Posts tagged ‘chianti colli senesi’

The Districts of Chianti

Every wine lover knows Chianti, even if they don’t know exactly where this wine originates. In this post, I’d like to discuss the various districts of the Chianti zone in Tuscany.

Chianti Classico, the heart of the Chianti zone, between the cities of Florence and Siena, is the most famous of all Chianti districts. I will talk about the wines from here in a future post, but for today, I will be writing about the seven Chianti districts that have been unified under the Chianti Consorzio, all with similar laws on production of the wines.

The seven districts are as follows:

Chianti Colli Fiorentini

Chinati Colli Senesi

Chianti Colline Pisani

Chianti Colli Aretini

Chianti Rufina

Chianti Montalbano

Chianti Montespertoli

The districts are all named for a city or for a geographical area; thus Chanti Colli Fiorentini is the Chianti district in the hills of Florence, Chianti Colli Senesi refers to the hills of Siena and so forth. In each district, Chianti is made from a minimum of 75% Sangiovese, although current regulations do allow for a 100% Sangiovese in each district. Blended wines often contain other local red varieties, such as Colorino or Mammolo, but international varieties, such as Cabernet Sauvignon and Cabernet Franc are allowed as part of the blend of these Chianti wines, as long as they do not exceeed 10% of the blend. Since 1967, all Chiantis made here that adhere to the regulations, may be labed as DOCG (Denominazione di Origine Controllata).

Some of these districts are home to dozens of excellent producers (such as Chianti Classico Fiorentini and Senese), while others are rather small (Montespertoli and Pisane). In fact, it is becoming more difficult to find a Chianit Colline Pisane these days, as producers there are making more bottlings of proprietary wines than their regular bottlings of Chianti. The same holds true in Chianti Montalbano, as this is the area in which Carmignano, a DOCG Sangiovese/Cabernet Sauvignon blend is produced. In each district though, producers can make a range of wines, from a simple Chianti to a Riserva; many also opt to make an IGT blend (known by many as Super Tuscans), made from local and/or international varieties.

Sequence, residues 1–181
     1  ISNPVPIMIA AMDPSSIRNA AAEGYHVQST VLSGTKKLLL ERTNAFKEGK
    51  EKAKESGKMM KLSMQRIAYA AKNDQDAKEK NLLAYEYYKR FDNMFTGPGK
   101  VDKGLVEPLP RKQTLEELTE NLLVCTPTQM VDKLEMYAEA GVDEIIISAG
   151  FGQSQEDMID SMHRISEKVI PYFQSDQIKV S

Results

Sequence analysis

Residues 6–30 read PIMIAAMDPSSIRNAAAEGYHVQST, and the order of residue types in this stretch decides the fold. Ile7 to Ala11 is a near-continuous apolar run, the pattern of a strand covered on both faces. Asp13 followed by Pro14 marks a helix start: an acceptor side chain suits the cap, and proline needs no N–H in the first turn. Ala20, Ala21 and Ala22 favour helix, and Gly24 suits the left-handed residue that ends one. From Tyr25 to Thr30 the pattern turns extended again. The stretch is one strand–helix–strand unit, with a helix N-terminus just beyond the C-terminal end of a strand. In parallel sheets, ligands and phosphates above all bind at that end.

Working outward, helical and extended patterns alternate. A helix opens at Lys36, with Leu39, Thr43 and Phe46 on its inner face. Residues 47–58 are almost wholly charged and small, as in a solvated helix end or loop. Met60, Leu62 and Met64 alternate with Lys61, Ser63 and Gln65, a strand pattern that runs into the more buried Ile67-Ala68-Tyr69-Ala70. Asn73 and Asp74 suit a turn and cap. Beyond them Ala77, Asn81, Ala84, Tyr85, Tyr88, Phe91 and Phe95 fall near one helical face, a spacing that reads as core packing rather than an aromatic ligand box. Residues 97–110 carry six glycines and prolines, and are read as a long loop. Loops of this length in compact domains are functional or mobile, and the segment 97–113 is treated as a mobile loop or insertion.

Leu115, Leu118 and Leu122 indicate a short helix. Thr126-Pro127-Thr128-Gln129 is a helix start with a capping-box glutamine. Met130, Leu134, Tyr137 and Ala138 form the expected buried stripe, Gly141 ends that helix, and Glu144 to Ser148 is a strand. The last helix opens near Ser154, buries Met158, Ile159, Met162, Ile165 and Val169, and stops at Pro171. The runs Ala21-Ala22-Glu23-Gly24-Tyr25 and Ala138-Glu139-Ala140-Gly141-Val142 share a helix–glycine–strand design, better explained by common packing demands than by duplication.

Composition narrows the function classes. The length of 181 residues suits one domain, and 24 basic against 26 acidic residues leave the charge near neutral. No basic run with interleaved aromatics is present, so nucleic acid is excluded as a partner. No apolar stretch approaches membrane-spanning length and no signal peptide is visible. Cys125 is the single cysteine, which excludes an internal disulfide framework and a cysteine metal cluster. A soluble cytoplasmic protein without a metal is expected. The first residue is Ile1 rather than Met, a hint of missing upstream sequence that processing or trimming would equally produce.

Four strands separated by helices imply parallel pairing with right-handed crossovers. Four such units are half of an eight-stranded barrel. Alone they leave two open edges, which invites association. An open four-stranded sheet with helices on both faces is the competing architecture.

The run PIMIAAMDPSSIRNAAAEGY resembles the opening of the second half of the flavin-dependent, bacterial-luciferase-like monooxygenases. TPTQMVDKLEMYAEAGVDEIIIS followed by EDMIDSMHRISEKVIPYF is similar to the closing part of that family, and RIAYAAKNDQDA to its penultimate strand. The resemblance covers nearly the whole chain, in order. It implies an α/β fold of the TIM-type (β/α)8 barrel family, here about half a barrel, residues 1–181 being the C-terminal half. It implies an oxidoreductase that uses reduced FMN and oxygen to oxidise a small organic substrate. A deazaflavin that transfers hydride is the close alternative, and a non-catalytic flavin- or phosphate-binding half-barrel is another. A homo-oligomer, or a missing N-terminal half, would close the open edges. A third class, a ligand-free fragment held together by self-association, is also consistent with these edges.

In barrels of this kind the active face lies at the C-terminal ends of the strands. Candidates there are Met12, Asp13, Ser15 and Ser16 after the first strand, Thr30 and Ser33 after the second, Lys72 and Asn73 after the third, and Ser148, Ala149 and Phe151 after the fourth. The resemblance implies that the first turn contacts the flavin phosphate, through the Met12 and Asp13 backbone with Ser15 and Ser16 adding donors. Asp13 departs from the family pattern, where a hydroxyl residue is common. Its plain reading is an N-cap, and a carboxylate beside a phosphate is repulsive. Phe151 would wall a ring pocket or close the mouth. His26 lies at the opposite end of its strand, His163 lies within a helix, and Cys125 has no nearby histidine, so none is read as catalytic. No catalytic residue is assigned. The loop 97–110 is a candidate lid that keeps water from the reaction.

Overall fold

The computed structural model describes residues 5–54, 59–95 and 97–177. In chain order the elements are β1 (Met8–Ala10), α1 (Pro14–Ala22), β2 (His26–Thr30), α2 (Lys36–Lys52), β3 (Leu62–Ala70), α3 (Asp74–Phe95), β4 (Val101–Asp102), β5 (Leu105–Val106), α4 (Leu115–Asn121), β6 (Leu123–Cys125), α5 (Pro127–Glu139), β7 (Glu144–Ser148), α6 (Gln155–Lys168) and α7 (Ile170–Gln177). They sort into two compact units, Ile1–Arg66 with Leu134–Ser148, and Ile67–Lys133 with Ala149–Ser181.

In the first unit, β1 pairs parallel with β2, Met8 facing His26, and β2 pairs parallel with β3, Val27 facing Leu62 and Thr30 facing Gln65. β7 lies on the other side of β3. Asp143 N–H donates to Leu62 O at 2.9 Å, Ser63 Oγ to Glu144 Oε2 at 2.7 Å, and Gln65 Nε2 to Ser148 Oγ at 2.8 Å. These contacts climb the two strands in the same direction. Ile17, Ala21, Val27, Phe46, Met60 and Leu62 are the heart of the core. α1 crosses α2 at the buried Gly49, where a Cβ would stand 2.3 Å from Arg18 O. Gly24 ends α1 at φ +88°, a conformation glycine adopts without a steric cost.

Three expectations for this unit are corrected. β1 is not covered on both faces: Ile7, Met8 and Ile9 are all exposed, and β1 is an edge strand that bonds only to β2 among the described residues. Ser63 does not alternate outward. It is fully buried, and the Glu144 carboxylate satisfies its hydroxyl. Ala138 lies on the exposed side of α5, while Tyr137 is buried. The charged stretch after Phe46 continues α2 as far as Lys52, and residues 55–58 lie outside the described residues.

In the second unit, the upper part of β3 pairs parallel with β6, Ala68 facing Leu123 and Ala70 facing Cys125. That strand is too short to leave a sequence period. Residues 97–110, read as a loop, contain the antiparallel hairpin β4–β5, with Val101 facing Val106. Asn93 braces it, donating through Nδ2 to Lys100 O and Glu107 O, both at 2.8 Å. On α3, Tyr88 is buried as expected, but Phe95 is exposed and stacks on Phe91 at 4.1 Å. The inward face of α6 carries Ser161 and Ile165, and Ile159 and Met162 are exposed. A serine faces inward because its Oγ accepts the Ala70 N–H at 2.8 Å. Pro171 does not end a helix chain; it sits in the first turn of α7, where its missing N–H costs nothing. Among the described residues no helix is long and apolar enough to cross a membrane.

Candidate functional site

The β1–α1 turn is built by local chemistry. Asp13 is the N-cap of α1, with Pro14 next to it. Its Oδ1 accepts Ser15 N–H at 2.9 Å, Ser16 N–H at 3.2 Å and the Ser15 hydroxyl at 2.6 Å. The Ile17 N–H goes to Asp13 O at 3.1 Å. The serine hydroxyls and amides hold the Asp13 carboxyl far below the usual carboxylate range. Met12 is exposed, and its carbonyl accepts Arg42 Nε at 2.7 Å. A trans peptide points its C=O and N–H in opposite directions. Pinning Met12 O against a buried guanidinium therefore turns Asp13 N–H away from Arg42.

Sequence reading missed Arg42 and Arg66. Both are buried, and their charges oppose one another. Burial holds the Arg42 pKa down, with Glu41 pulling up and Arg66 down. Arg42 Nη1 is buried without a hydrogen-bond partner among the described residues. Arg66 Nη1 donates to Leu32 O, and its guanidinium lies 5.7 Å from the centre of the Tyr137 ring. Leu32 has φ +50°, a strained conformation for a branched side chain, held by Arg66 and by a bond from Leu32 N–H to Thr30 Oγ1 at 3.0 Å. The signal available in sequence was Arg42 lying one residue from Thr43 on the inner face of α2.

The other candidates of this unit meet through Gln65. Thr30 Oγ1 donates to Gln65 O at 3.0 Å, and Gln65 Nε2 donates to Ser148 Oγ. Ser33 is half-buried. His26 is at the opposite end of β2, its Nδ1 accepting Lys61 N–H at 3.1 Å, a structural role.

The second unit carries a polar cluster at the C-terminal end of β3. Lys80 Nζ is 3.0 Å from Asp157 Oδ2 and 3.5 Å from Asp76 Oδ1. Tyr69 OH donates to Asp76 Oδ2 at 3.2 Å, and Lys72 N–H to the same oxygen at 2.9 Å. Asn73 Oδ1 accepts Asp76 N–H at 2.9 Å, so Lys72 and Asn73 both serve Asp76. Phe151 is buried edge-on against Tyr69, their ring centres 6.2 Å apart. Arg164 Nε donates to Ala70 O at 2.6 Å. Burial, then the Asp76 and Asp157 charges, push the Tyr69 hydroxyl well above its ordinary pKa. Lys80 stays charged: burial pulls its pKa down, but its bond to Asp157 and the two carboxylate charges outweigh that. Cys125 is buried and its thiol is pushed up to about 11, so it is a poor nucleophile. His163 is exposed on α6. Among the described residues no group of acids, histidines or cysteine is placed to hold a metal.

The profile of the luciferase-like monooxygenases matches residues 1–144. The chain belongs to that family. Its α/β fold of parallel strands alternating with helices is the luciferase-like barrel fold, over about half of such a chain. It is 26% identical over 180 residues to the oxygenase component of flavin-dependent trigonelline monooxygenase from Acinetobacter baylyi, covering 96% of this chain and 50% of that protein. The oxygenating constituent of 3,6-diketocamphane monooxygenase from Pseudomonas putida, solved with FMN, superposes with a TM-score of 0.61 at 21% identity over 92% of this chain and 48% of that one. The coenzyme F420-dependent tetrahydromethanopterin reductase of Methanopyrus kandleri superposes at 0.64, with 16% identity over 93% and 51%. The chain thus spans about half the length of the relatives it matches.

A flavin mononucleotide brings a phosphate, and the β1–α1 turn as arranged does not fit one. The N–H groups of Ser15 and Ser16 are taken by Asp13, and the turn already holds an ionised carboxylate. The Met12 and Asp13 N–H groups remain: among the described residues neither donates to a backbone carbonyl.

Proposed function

The wines from these seven districts as a rule tend to be lighter than those from Chianti Classico, so they are easy drinking and quite approachable upon release. However, there are some excellent producers throughout these districts that craft some very special wines, ones that can age from 5-10 years. Among the most accomplished producers here, I would include Selvapiana and Frescobaldi (Chianti Rufina); Castelvecchio, Castello di Poppiano and San Michele a Torri (Chianti Colli Fiorentini); and Fattoria Sannino (Chianti Montespertoli).

Ferdinando Guicciardini, Castello di Poppiano (Photo ©Tom Hyland)

Here are lists of some of the other leading producers in these districts:

Chianti Colli Fiorentini: Lanciola (this estate also produces Chianti Classico), Fattoria la Colombaia, Le Querce

Chianti Colli Senesi: Castello di Farnetella, Tenuta di Trecciano, Le Bertille, Villa Sant Anna

Chianti Montalbano:  Tenuta di Cappezzana, Ambra

Chianti Montespertoli: Fattoria Poggio Capponi, Tenuta Trecento, Tenuta Cortina e Mandorli

Chianti Colli Pisane: Badia di Morrona, Tenuta di Ghizzano

Chianti Rufina: Travagnoli, Villa di Vetrice, Renzo Masi

Chianti Colli Aretini: Mannucci Droandi, Villa a Sesta, Ruspante

One final note: Many of these producers also make the wonderful dessert wine, Vin Santo (“the wine of the saints” or “the holy wine”). This is generally made from the white varieties Trebbiano and Malvasia, which after harvest are laid on mats in a temperature controlled room to dry. After a few months, the grapes have shriveled, almost to the size of raisins and are then fermented in very small barrels called caratelli. The wine is then left to age in the caratelli for five years before being bottled. The resulting wine is amber gold in color with moderate sweetness and aromas and flavors of almond, dried honey, marzipan, butterscotch and sherry notes. This is a wine that is difficult and costly to produce and only the best versions still show a freshness upon release. Among all the producers in these Chianti districts, my favorite Vin Santo is made at Selvapiana.


October 5, 2010 at 2:14 pm 2 comments


tom hyland

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